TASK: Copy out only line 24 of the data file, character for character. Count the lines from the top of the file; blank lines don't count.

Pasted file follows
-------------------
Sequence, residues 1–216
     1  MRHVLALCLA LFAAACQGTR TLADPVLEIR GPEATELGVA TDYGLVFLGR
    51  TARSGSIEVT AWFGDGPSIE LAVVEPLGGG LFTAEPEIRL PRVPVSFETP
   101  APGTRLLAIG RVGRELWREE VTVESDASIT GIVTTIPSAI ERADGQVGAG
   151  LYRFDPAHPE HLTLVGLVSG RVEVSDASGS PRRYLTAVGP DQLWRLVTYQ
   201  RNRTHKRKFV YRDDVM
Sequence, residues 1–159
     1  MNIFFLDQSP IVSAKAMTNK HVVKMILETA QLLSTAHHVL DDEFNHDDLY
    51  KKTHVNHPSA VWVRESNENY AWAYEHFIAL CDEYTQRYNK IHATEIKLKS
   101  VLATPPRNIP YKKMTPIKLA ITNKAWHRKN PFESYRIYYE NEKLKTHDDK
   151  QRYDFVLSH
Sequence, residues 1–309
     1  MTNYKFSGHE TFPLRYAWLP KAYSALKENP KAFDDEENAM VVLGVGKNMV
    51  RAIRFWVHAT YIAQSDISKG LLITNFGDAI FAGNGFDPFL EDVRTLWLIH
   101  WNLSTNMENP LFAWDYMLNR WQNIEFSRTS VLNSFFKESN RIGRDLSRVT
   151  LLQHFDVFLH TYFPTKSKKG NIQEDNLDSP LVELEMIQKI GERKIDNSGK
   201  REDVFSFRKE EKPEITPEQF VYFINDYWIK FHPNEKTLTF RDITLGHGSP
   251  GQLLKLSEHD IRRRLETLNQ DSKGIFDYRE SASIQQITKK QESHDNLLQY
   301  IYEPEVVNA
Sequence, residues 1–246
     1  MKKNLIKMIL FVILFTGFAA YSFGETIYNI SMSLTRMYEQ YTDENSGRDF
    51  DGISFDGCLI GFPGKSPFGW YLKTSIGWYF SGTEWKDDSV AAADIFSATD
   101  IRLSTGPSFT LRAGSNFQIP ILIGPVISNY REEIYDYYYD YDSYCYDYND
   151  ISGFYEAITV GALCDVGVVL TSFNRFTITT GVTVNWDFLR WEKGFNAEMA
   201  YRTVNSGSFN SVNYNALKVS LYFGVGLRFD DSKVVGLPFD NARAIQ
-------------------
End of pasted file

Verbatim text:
   151  ISGFYEAITV GALCDVGVVL TSFNRFTITT GVTVNWDFLR WEKGFNAEMA